In the Dallas-Fort Worth and Denton area as well as throughout Texas we
are seeing an increase in the use of police drug sniffing dogs at all
levels of law enforcement. Dogs can be readily trained to provide useful
and vital services to the law enforcement community. Those in which the
officer claims the animal has been trained to sniff out illegal narcotics
or marijuana pose the greatest threat to our Fourth Amendment protections
against unreasonable searches and seizure by law enforcement.
Positive canine "alerts" are treated as
per se probable cause in most states and in the federal courts including the
US Supreme Court. This gives a police officer the ability to intrude into
the private spaces of another with no judicial oversight or warrant.
The terminology "trained," "reliable," and "certified"
appear throughout judicial opinions handed down over the years relating
to the use of drug sniffing dogs. With no regulation, supervision, or
oversight of this new Drug Dog Industry the opportunities for mischief
and police misconduct are immense.
Who can use drug sniffing dogs?
Nearly every city, state, and federal law enforcement agency in Dallas
Tarrant and Denton County have or have access to drug sniffing dogs. The
Texas Department of Public Safety also has a number of dogs they routinely
use in what they consider drug corridors along Highway US 287 east of
Wichita Falls to North of Amarillo and Highway US 87 north of Interstate 40.
Police are heavily focused on harassing motorist coming from Colorado where
their marijuana laws are rational in hopes they can catch unwary travelers
with contraband. Most mischief occurs with vehicle searches of people
stopped on contrived allegations hard to refute, such as they were traveling
1-2 miles an hour over the speed limit. Police officers cannot bring drug
dogs onto a person's property to search for evidence without first
obtaining a warrant to conduct the search, according to a recent Supreme
Drug Sniffing Dogs & The Fourth Amendment Rights
Most of us know that any dog with proper energy and motivation can be trained
to do just about anything. Any dog owner can tell you they can use subtle
physical or audible clues to induce a dog to bark, rollover, sit, play-dead,
fetch, and perform countless other behaviors. Dogs have even been trained
to sniff out bedbugs in dwellings and to warn their owner of an impending
seizure by the smell of their breath. The contribution of service dogs
to society is immense. The threshold question should be whether our Fourth
Amendment protections should be entrusted to a dog? P
olice dogs are motivated in the same ways as your family pet. They respond
to praise, treats, and toys just like any other dog. A dog's only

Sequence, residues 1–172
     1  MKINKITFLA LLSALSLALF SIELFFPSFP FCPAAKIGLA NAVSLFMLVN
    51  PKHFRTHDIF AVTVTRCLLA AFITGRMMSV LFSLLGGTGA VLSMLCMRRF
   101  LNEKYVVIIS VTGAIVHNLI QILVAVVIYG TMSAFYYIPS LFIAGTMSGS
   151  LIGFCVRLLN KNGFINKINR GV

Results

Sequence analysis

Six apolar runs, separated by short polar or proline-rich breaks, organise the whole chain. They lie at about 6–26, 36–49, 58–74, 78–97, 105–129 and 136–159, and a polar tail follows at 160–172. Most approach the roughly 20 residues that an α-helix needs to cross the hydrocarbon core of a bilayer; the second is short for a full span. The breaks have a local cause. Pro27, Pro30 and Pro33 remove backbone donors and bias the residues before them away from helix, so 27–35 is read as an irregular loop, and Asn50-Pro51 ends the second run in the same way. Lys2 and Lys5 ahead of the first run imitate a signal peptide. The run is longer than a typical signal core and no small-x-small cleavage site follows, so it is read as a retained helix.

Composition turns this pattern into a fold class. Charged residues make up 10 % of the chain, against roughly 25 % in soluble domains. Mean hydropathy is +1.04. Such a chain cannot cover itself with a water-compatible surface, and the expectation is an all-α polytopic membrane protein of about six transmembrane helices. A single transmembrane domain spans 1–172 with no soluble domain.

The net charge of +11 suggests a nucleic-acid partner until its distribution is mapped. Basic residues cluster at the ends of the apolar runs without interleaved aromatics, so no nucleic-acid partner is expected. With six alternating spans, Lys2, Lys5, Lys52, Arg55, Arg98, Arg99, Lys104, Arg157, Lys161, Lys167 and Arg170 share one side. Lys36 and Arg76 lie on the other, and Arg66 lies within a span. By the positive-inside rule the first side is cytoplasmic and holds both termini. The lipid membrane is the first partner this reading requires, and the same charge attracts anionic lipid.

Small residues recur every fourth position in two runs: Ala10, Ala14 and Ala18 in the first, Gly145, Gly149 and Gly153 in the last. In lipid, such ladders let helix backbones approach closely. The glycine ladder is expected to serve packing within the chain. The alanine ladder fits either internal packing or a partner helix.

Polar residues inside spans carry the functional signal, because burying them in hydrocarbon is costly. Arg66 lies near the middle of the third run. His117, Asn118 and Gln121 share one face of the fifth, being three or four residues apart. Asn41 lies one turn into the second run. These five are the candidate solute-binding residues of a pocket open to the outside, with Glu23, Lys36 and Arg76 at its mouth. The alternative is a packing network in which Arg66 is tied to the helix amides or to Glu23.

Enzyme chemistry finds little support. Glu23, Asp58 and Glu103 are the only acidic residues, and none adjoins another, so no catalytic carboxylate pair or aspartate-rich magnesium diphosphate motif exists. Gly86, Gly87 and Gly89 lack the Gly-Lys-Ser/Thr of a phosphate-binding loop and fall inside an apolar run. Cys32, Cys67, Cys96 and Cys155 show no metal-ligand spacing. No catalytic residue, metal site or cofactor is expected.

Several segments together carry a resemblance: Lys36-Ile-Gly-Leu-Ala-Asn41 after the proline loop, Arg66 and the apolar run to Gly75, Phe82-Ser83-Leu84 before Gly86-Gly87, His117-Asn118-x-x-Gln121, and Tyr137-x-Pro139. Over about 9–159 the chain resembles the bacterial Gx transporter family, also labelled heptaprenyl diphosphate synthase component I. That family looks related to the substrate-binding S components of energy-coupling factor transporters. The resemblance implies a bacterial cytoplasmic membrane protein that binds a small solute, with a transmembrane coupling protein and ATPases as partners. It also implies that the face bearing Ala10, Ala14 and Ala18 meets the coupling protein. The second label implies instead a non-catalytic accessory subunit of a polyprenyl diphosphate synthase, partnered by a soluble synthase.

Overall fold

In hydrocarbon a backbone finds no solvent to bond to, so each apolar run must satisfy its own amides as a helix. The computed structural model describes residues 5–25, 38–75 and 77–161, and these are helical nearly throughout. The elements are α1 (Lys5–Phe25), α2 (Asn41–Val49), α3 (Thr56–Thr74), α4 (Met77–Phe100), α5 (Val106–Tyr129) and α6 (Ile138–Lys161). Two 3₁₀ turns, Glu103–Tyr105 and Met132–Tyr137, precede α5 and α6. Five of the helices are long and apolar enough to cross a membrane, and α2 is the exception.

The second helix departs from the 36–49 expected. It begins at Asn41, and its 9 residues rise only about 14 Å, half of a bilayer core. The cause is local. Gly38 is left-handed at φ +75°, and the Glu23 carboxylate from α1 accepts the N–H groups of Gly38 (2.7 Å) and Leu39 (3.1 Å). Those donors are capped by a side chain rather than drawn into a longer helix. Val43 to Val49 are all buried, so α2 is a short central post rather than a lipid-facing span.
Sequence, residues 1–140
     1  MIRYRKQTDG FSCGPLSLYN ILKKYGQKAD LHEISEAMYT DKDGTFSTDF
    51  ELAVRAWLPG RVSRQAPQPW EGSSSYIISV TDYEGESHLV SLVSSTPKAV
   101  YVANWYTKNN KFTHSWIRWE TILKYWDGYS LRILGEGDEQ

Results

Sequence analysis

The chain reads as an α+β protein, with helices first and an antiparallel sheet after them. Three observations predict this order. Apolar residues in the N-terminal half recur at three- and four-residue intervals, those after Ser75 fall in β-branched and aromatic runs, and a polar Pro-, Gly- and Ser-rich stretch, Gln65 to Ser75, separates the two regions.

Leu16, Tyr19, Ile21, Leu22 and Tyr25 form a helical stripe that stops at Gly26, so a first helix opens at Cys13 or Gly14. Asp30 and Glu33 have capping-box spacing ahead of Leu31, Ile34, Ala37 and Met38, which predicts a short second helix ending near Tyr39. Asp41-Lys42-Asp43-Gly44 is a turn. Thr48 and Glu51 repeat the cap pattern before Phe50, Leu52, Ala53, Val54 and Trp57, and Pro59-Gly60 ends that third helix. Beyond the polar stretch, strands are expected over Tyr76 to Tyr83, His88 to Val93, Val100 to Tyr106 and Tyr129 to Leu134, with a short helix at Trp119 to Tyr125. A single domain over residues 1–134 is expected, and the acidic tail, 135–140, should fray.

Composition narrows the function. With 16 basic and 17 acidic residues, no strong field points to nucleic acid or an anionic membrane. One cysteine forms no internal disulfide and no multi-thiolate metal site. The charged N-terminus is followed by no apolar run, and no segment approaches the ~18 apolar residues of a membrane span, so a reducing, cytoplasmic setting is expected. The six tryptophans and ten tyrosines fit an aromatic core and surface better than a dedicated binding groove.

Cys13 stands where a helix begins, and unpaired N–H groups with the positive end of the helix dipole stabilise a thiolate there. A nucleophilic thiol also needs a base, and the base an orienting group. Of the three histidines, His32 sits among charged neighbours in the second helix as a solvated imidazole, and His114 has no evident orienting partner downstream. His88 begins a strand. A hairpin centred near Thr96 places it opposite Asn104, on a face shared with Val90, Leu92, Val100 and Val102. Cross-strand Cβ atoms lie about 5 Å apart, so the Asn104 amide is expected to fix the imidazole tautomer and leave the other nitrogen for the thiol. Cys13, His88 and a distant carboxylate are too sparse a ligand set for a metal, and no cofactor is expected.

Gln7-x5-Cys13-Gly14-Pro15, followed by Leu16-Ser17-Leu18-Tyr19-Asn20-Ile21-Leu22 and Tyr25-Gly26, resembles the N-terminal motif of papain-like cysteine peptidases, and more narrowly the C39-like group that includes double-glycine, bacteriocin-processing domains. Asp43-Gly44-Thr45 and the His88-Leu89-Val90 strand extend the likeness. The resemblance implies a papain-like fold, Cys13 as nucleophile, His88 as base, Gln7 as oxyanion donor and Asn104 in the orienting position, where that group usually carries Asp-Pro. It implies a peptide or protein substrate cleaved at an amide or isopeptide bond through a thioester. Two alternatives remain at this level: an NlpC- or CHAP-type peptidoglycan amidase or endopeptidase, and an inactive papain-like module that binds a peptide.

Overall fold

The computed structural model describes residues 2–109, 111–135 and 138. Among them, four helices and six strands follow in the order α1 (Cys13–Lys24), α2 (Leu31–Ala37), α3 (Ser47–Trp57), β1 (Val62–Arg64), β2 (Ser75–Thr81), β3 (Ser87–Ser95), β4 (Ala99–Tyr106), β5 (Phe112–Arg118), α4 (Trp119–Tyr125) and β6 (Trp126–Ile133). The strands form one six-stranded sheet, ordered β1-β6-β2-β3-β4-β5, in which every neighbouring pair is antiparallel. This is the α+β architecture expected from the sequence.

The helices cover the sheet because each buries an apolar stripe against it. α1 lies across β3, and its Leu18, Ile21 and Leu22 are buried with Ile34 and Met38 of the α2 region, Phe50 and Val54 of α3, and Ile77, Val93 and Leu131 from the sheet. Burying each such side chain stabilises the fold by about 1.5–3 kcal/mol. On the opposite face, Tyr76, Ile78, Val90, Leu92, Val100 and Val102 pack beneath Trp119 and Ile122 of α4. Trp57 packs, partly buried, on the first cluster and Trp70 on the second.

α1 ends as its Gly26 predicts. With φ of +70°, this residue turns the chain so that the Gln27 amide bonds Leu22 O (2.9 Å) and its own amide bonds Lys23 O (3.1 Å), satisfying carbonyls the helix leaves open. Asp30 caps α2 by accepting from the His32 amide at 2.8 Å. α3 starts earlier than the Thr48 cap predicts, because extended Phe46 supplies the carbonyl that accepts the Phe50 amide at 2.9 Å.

desire is to receive his owner's praise, usually accompanied by a
toy or treat. This does not occur for the dog when called upon to give
an alert if it fails to do so. Likewise, there is no way to recall that
reward or praise when it is ultimately learned the dog gave a false alert
and nothing was found after a citizen has been deprived of their Fourth
Amendment Right to Privacy.
While dogs can be trained to react to certain odors with some degree of
accuracy dogs are not infallible. Nor are they able to tell us what is
causing them to react. In reality a canine alert is nothing more than
a subjective interpretation of the dog's demeanor by the dog's
handler through their interaction with the dog. However there are things
to watch for.
How do you know when the dog smells drugs?
The most common question asked in discussions regarding drug dog searches
is how do you know when the dog has "Alerted" to the smell of
contraband? The truth is you really don't. You only know the dog is
doing what it believes it has been trained to do. The training the dogs
receive is to either give a passive or aggressive alert when it detects
certain odors it is trained to detect. The three main drug-groups dogs
are most typically trained to detect are
- Marijuana (Cannabis)
So typically these dogs would be trained to find whole plant cannabis,
cocaine, crack, heroin, amphetamines and methamphetamines. Also a lot
of drugs such as ecstasy, MDMA and MDAA are cut with one of the substances
so one would expect a dog to alert on them as well. The objective way
of determining whether a dog has given a proper alert depends on how the
dog is been trained.
A dog trained to give an aggressive alert can be observed biting, pawing,
scratching, or attempting to penetrate a container to retrieve the substance.
You are not likely to see a dog trained to detect explosives alert in
this manner. The most common method trained for sniffer dogs to give an
alert is a passive alert. They will give a passive alert in one of two
ways: Depending on their training they either sit intently next to the
area they alerting on or they will train their nose right on the area
they are detecting the odor. During this time you will typically also
see them looking toward the handler to be sure they have their attention.
If the so-called "Alert" does not look like one of these three